Editor's note: Contrary to reporting in a previous version of this article, TomTom is a public company traded on the Euronext exchange. The Fool regrets the error.
GPS navigation specialist TomTom can breathe a sigh of relief today and wipe the beads of cold sweat off its anthropomorphic forehead. The company has settled the patent infringement claims Microsoft
In what looks like a total victory for Microsoft, TomTom will send license fees to the software giant and stop using a couple of vital file system patents. "When addressing IP infringement issues, there are two possible paths: securing patent coverage or not using the technology at issue," said Microsoft's licensing head Horacio Gutierrez in a written statement. "Through this agreement, TomTom is choosing a combination of both paths."
TomTom couldn't simply pay the balance and go fully licensed, because much of its core software was written under the open-source GPL license. The GPL "copyleft" license doesn't mesh well with proprietary licenses like the ones covering Microsoft's FAT file management technology. Now TomTom gets two years to design a workaround of some sort.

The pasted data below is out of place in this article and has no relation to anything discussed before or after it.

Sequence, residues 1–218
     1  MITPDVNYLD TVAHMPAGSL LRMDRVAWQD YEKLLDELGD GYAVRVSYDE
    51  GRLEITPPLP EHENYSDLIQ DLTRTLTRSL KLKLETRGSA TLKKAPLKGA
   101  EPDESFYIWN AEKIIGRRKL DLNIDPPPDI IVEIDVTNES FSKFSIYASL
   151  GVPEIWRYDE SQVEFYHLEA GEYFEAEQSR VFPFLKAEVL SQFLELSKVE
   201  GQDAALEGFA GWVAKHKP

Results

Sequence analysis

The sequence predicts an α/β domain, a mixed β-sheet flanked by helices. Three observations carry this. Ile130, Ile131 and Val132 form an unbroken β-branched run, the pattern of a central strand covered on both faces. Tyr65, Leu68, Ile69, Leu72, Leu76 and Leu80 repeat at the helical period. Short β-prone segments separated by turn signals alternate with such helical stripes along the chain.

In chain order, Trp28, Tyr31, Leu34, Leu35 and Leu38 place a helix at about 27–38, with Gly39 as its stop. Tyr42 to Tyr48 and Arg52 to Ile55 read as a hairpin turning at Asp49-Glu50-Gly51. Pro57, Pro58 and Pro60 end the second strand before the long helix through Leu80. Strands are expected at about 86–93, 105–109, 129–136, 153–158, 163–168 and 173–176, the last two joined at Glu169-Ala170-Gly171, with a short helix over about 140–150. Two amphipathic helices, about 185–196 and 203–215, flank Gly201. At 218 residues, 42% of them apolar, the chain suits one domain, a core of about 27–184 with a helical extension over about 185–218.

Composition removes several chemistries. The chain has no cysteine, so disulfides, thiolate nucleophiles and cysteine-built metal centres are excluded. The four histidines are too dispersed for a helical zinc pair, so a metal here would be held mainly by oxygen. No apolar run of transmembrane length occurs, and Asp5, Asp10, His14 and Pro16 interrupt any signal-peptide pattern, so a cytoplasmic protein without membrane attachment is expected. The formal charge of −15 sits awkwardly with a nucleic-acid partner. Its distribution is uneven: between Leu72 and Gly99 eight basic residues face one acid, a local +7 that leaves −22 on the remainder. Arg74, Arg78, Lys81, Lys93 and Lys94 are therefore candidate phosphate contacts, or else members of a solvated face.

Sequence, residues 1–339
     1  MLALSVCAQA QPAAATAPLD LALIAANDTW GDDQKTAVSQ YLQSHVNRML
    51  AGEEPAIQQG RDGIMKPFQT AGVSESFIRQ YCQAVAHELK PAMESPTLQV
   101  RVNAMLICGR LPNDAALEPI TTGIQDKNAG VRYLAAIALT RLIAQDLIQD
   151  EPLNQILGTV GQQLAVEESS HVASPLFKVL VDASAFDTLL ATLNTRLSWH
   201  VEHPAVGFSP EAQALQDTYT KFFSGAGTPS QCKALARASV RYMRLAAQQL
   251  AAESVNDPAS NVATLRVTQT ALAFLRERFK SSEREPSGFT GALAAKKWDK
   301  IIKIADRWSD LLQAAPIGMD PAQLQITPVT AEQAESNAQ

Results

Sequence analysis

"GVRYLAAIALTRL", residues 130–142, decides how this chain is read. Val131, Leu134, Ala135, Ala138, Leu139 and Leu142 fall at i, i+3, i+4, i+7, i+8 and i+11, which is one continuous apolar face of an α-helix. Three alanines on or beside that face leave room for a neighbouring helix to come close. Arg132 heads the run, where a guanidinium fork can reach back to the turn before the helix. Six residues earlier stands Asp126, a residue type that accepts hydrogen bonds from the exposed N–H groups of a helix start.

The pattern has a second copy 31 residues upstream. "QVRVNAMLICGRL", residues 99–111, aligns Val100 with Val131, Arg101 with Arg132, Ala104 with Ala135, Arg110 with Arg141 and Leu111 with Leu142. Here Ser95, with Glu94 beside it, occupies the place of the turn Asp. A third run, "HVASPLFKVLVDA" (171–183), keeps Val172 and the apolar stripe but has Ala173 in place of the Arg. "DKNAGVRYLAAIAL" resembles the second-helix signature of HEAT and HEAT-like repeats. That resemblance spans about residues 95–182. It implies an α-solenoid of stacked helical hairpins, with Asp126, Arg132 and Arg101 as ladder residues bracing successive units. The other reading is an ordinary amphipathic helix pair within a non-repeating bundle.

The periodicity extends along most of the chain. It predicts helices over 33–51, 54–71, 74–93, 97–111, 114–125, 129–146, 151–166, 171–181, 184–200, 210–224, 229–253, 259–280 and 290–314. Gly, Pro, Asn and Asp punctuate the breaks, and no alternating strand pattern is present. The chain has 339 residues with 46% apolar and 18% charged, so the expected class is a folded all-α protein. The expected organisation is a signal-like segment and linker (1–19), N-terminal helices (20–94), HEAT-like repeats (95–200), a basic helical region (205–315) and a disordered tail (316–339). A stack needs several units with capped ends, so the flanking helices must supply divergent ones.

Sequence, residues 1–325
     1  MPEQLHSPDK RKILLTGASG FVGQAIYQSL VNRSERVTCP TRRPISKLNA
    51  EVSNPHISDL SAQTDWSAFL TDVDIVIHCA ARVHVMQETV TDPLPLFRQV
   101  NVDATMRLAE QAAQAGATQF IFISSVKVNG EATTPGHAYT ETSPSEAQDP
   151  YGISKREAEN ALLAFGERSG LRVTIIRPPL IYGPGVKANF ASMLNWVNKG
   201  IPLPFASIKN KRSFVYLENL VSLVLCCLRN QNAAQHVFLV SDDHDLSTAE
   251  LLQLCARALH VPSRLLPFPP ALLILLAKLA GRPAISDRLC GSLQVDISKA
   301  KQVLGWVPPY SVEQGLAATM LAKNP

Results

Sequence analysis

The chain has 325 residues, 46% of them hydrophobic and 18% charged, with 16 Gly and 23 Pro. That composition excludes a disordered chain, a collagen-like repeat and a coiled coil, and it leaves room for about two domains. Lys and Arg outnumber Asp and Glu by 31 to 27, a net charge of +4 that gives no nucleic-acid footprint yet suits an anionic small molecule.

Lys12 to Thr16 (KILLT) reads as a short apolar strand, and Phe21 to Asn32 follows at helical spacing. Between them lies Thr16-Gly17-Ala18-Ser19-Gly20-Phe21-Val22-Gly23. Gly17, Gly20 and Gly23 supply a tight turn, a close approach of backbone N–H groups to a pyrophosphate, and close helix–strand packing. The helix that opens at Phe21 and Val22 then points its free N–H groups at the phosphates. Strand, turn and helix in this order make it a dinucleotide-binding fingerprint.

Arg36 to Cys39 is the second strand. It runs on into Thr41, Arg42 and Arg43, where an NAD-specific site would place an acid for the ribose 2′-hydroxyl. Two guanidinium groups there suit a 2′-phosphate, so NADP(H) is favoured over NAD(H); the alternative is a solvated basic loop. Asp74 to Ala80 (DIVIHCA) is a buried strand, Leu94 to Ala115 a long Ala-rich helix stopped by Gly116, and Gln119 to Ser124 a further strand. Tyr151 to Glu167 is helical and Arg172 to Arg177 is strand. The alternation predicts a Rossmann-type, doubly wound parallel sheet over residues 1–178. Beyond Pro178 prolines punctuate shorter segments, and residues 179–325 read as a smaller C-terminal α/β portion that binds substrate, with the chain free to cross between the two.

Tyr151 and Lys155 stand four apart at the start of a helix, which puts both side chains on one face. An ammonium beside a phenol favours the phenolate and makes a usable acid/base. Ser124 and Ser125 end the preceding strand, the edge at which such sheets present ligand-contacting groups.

Several public companies lean heavily on GPL-licensed software, including Linux vendors like Red Hat
Other friends of open software include IBM
The TomTom agreement sets a precedent for others to follow if Microsoft or some other giant with a fat patent portfolio goes after their open-sourced applications. One day, maybe Microsoft Office will be published under the GPL. In the meantime, don't be afraid to invest in open-source specialists.
Fool contributor Anders Bylund owns shares in Google, but he holds no other position in any of the companies discussed here. You can check out Anders' holdings or a concise bio if you like, and The Motley Fool is investors writing for investors.